comparitive politics syllabus

comparitive politics syllabus - Introduction to Comparative...

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View Full Document Right Arrow Icon ; click on <Undergraduate Program>, then <UNDERGRAD LISTSERV> and ente Introduction to Comparative Politics – 01:790:103:08 1 Fall 2007 Van Dyck Hall, Room 211, College Avenue Campus Instructor: Carolyn J. Craig Contact Information: [email protected] Office Hours: Monday, 4:00 – 5:30 PM, Kreeger Learning Center (behind Brower Commons) Course description: Introduction to Comparative Politics offers students an opportunity to learn about different political systems – in both more and less economically developed countries – and examine them within a comparative framework. This course covers key differences in predominant systems of government – e.g. authoritarian and democratic – and variations in institutional arrangements – e.g. presidential and parliamentary – that affect politics and political outcomes. Additionally, we will explore theories of political development and organization. Learning these theories will entail learning different methodologies for analyzing politics, as well as critiques of the theories and methodologies. As instructor my goal is that you finish the course with an enhanced understanding of the complexity of political issues within and across nation-states, and an improved capacity to analyze political events and processes around the world. Required Reading Material: You are responsible for reading numerous selections from: Kesselman, Mark and Joel Krieger, eds. 2006. Readings in Comparative Politics: Political Challenges and Changing Agendas . New York: Houghton Mifflin Company. I have ordered this book for you through the Rutgers Bookstore, located across from the New Brunswick train station. You are responsible for reading other articles, chapters, and excerpts from textbooks which I have made available to you through the Rutgers Library online reserve system. To access these readings, go to the Rutgers Library homepage, login using your NetID, select “Find Reserves” and then click on the link to connect to Reserves. You can search for the course readings using my last name, the course number, or the course name. I expect you to follow news related to topics and countries we discuss in this course. I strongly encourage you to monitor national and world events through mainstream and alternative sources of news. Following the news will help you understand and retain concepts and facts covered in the course, and it likely will provide information you can use in your group paper and presentation. Assignments and Grading Rubric: Grades will be calculated as follows: Attendance and Reading Notebook: 30% Mid-term Exam: 20% Group Paper and Presentation: 20% Final Exam: 30% I have developed the requirements of this course in accordance with my belief that you will learn more if you are engaged with the material we cover on a continuous basis, and in a variety of 1 The course number for Introduction to Comparative Politics has been changed from 790:210 to 790:103. 1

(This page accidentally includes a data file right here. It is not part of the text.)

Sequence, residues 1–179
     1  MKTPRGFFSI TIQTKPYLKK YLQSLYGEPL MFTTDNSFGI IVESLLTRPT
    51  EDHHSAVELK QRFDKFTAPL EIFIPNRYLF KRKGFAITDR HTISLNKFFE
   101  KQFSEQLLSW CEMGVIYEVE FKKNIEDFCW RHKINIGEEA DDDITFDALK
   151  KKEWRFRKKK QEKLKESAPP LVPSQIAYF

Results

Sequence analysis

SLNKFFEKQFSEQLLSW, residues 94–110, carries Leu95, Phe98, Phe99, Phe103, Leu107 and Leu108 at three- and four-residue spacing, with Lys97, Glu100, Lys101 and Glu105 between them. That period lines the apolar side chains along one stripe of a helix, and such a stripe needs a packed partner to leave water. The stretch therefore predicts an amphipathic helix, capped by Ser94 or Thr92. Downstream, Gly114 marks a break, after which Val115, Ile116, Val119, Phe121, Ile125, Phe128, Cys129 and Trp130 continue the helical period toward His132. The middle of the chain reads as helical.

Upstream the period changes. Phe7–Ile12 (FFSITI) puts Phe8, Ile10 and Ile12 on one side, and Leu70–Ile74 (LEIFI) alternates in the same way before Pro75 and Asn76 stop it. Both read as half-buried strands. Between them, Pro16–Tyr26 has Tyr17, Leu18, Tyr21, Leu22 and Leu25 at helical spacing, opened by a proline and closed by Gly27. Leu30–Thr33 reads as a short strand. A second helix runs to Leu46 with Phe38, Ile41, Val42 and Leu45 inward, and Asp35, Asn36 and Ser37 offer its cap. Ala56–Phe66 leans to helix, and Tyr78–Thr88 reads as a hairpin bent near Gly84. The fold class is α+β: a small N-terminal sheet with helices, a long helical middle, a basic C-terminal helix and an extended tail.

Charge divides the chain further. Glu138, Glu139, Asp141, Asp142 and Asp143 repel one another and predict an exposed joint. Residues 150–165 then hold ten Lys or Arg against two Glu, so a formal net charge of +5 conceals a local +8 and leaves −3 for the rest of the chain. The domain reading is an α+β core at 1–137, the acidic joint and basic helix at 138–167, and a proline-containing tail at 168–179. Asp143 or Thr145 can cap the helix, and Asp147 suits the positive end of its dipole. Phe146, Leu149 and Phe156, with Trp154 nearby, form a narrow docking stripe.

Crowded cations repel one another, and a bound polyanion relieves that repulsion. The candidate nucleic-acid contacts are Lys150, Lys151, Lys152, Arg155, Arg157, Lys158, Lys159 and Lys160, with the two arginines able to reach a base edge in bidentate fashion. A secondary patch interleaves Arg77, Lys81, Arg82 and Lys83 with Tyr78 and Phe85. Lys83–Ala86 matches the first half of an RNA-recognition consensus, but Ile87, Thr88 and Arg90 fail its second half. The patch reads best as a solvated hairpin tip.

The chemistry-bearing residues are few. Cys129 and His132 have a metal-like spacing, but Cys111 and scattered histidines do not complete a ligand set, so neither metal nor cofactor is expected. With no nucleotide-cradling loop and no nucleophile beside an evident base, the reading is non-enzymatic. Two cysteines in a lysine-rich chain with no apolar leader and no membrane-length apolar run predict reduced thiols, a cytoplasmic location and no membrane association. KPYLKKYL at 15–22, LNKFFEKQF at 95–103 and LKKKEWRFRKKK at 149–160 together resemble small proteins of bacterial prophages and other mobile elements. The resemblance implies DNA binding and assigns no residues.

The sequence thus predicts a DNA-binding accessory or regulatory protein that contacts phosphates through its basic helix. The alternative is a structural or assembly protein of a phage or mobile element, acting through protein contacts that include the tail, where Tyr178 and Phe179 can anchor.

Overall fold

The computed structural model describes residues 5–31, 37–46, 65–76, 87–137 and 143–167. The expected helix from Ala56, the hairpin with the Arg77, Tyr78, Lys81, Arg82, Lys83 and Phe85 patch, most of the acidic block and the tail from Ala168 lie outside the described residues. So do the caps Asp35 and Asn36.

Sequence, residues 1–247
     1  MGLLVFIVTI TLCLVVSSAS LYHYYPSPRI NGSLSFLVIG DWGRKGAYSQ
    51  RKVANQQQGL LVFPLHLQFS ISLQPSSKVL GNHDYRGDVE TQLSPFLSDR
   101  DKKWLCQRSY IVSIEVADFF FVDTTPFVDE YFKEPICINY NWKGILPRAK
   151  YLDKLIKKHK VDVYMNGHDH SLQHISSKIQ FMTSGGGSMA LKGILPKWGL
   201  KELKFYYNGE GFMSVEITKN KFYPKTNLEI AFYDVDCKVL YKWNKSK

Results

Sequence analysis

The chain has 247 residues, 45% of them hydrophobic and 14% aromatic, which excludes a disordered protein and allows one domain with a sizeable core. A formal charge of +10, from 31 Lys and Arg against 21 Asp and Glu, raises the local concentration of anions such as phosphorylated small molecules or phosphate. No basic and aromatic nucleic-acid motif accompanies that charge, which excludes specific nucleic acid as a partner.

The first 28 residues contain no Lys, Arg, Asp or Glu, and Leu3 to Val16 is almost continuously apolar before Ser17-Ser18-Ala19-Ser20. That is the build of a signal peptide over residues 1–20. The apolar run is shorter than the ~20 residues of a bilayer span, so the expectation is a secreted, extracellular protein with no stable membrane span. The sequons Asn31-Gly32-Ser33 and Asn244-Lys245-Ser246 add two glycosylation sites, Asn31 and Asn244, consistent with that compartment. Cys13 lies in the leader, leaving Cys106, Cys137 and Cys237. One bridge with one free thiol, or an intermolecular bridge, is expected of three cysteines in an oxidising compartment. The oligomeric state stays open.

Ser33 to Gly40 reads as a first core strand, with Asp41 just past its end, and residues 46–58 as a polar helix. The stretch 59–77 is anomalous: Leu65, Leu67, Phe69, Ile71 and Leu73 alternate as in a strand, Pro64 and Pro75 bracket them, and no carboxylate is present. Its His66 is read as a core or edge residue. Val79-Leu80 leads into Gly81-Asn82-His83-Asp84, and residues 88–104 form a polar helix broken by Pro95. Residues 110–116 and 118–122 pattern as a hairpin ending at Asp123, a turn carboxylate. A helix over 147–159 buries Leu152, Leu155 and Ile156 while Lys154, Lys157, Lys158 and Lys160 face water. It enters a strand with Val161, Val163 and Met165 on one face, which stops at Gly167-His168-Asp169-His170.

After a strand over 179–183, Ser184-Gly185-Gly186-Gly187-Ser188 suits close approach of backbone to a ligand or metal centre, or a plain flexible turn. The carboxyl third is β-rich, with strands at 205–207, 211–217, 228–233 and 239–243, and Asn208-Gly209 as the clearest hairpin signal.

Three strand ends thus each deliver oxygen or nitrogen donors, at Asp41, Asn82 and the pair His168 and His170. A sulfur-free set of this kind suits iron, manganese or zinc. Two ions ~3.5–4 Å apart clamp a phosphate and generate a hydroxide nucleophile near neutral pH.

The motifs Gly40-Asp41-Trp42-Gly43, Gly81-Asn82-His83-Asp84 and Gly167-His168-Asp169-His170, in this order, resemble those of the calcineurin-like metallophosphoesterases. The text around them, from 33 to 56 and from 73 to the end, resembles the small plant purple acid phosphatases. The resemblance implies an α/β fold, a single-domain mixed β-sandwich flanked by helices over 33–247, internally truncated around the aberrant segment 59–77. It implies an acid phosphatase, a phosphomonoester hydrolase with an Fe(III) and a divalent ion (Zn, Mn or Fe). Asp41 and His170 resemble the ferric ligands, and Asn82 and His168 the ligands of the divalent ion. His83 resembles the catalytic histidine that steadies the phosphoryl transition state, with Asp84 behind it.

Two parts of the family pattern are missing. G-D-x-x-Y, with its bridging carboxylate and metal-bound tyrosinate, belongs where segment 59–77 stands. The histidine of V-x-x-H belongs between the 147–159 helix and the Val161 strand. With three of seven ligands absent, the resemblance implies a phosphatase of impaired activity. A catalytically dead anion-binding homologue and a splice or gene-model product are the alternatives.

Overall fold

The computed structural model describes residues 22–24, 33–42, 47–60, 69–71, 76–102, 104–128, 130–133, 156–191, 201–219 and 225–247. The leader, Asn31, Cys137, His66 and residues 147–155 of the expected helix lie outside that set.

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comparitive politics syllabus - Introduction to Comparative...

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